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Hamilton trial underway
by Janine Kearney
Mar 18, 2008 | 1717 views | 0 0 comments | 20 20 recommendations | email to a friend | print
Tribune/Dan McGee  A pensive Tamir Hamilton watches as prospective jurors file into the court room on Monday. Hamilton on trial as he's accused in the killing of Holly Quick.
Tribune/Dan McGee A pensive Tamir Hamilton watches as prospective jurors file into the court room on Monday. Hamilton on trial as he's accused in the killing of Holly Quick.
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The death penalty trial accusing Tamir Hamilton of the rape and murder of 16-year-old Holly Quick of Sparks began on Tuesday.

Proceedings included opening statements, the presentation of dozens of photos of the victim's slashed neck and other injuries and evidence in the case, and the testimony from six witnesses, including Quick's mother, who found her daughter's body.

Washoe District Court Judge Connie Steinheimer and the jury of 12 people and four alternates heard opening statements from the District Attorney's Office and the Public Defender's Office, which is arguing that Hamilton is schizophrenic and not responsible for his actions.

The prosecution team of Deputy District Attorneys Dan Greco and Luke Prengaman as well as the Defense Team headed by Chief Deputy Public Defender Maizie Pusich, questioned the following witnesses on Monday:

• Quick's mother Patricia Doss

• Hamilton's acquaintance and coworker Dennis Smith

• Hamilton's girlfriend at the time Erin Trujillo

• Quick's older sister and Hamilton's friend Jhana Williams

• Sparks Police Sgt. Jeanmarie Walsh

• Sparks Police Det. Jason Woodard

In opening statements, Greco described the timeline of events as the crimes and investigation unfolded. He called the moment when Doss discovered her daughter's body "any parent's worst nightmare."

Doss cried and shook as she was asked to describe the night of Sept. 14, 2006. She described how she had found her daughter's body the morning of Sept. 15 in the teen's bedroom of their Harbor Cove apartment near the Sparks Marina. Quick was lying perpendicular half nude and half off the bed with a blanket covering her head the next morning, her mother testified. An autopsy concluded the teenager bled to death from a 2-inch-deep slash to her neck.

Defense showed photographs of Quick's body and her extensive wounds. Quick had a second gash in her neck and numerous cuts to her face, jaw and upper torso, including a cut on her hand that the prosecution described as a defensive wound.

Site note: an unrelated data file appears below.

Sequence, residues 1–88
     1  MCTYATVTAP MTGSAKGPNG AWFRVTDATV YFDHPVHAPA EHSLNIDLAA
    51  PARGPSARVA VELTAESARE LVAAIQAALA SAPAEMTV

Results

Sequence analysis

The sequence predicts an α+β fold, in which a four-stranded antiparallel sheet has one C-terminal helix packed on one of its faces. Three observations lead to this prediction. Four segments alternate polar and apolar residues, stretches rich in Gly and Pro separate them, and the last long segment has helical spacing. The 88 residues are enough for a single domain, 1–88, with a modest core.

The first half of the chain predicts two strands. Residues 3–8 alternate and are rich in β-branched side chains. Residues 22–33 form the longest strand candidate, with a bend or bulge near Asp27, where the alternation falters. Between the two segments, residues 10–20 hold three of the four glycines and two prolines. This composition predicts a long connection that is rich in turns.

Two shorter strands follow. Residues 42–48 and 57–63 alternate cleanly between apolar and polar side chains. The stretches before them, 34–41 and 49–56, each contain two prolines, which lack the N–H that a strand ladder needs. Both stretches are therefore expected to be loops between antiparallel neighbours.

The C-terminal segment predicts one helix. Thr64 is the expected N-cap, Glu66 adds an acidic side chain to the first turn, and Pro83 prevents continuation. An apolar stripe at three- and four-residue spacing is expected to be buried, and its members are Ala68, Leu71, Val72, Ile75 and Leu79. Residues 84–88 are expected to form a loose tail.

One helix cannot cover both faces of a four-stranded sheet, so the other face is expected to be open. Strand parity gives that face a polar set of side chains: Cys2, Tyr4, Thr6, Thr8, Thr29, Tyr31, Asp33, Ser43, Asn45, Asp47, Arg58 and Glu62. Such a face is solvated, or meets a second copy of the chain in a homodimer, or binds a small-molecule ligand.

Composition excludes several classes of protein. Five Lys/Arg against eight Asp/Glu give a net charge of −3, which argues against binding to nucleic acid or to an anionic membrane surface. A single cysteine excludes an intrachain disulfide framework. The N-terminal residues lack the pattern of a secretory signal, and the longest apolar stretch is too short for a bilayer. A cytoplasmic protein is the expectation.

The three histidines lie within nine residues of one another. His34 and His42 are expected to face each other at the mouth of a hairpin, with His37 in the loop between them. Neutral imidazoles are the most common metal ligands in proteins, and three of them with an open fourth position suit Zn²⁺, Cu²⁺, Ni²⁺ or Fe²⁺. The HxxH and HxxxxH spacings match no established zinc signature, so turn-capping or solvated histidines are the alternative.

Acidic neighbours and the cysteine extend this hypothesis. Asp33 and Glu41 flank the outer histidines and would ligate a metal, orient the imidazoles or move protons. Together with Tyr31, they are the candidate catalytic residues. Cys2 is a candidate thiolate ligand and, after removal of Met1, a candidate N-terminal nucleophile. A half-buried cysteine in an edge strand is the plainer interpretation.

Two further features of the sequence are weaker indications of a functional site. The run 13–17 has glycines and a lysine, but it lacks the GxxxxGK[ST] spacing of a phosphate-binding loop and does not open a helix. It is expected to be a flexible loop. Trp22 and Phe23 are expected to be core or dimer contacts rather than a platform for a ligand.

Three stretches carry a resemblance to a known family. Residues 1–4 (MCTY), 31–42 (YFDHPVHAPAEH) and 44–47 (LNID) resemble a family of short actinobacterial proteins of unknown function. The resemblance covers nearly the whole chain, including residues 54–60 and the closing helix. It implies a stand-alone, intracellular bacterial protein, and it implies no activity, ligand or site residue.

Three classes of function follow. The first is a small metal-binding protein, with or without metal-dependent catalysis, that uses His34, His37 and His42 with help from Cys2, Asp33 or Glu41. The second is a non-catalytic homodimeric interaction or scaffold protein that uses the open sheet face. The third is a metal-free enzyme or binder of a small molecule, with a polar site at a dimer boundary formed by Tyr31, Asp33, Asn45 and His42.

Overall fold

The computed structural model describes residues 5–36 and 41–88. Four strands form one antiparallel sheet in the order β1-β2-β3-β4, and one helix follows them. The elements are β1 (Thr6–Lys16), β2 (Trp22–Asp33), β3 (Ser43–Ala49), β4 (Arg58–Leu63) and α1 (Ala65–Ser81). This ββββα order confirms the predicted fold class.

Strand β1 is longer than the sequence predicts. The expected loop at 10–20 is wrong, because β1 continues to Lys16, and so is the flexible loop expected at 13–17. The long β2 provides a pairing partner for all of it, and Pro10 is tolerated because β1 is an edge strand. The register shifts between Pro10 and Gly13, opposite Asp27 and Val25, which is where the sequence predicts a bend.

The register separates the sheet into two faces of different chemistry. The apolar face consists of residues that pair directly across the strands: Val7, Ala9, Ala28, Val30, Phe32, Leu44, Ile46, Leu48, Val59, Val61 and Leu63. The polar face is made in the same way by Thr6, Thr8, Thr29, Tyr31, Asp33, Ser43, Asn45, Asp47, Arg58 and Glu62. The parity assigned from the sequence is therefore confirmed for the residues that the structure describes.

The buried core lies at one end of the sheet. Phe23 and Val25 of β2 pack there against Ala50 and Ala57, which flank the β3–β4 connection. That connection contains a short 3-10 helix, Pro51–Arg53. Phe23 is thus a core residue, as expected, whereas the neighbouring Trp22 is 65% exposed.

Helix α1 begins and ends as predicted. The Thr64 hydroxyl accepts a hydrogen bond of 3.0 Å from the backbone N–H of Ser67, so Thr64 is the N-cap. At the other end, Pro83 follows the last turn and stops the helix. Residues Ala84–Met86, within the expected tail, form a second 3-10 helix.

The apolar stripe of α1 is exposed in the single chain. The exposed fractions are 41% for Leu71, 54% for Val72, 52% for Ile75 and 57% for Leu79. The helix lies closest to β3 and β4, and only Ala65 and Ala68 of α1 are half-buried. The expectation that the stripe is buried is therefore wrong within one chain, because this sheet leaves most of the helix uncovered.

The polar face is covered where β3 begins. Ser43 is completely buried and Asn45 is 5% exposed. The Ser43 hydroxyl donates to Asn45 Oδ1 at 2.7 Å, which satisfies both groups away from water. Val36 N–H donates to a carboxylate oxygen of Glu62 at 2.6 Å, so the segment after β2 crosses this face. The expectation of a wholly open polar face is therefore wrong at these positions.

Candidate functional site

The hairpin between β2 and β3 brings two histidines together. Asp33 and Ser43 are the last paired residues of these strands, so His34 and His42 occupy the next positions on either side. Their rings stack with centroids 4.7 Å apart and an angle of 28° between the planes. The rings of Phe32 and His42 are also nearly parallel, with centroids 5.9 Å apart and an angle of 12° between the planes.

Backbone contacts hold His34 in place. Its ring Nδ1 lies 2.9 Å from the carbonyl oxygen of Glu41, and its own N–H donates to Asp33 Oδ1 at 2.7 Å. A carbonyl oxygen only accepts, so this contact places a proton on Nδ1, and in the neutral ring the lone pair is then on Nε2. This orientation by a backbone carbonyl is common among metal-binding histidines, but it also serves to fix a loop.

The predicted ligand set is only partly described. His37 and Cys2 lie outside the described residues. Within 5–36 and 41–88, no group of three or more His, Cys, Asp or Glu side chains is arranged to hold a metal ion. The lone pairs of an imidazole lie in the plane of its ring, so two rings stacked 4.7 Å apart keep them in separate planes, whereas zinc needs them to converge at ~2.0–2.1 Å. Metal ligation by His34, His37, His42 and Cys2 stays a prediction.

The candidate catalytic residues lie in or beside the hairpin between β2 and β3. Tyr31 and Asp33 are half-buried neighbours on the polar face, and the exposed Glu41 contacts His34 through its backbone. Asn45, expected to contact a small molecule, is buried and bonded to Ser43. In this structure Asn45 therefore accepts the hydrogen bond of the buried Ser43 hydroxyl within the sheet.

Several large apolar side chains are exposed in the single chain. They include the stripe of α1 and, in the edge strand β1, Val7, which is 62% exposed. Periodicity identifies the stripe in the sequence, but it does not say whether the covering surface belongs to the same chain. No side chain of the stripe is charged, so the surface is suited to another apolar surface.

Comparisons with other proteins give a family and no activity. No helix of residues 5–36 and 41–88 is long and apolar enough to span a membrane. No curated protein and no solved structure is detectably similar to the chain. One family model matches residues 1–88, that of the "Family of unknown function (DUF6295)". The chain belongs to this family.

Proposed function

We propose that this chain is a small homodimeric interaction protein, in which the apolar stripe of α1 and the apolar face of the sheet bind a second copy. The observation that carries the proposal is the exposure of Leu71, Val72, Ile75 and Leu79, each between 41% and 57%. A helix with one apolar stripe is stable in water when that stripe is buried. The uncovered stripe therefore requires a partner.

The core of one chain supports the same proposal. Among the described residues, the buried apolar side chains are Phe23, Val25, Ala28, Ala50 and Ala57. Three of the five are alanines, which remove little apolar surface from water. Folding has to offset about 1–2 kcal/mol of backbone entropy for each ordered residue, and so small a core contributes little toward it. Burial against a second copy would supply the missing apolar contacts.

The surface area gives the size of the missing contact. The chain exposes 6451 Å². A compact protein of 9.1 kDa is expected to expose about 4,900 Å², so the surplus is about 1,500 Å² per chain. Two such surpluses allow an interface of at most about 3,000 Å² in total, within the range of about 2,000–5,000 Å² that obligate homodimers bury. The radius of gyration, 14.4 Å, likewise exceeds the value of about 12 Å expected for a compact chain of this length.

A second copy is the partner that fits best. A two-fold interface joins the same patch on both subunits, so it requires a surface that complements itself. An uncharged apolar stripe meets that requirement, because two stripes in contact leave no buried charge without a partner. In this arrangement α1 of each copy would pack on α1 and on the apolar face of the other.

“Holly did try to save her own life," Greco said.

In her opening statements, Pusich talked about the difference between mental retardation and mental illness, and that Hamilton's schizophrenia was not formally diagnosed until after he was in custody at the Washoe County Jail.

"He and Holly were friendly with each other," Pusich said. "We will prove Mr. Hamilton is not guilty by reason of insanity, because no one in his right mind would do this to his friend."

The prosecution questioned witnesses to try to establish whether Hamilton seemed to be drunk or high on drugs on the night of Quick's murder, as he had told police.

One witness, Smith — who, in an unrelated case, lost an eye in a beating incident in Oppio Park during his son's youth football league practice on Aug. 29 — testified that Hamilton was an acquaintance and fellow delivery driver for American Reddi-Mix in Reno at the time of the murder.

Smith testified that Hamilton drove him to watch his son's football game, then the two bought a 40-ounce beer at a Shell gas station mini-mart on the night of Sept. 14. Smith said they shared the beer, then Hamilton left Smith's house at about 9:45 p.m. and did not appear to be drunk, and neither had taken marijuana or cocaine, as they had reportedly done on previous occasions.

Quick's sister, Williams, testified that Hamilton was a good friend, was the godfather of her oldest son and was a friend of the family's. Williams testified that Hamilton had called her twice on the night of the murder and did not seem to be drunk or high at the time.

Williams and Hamilton's girlfriend Trujillo testified that Hamilton cried and was very upset when Williams told him of Quick's murder — so much so, that Hamilton was asked to be a pallbearer at Quick's funeral.

Trujillo also testified that she, Hamilton and her two children were renting a home at the time in Sparks, and that they had fought after he didn't return home until about 11:40 p.m. She also recalled that Hamilton had specifically asked her a week later if it was trash day. During the course of the investigation, several pieces of clothing found in Hamilton's garbage contained DNA evidence from Quick.

Det. Woodard described blood stains and DNA evidence found in Quick's bedroom, as well as blood stains on an outside breezeway near Doss and Quick's apartment.

Steinheimer continued the prosecution's initial questioning of Det. Woodard to Wednesday at 9:30 a.m.

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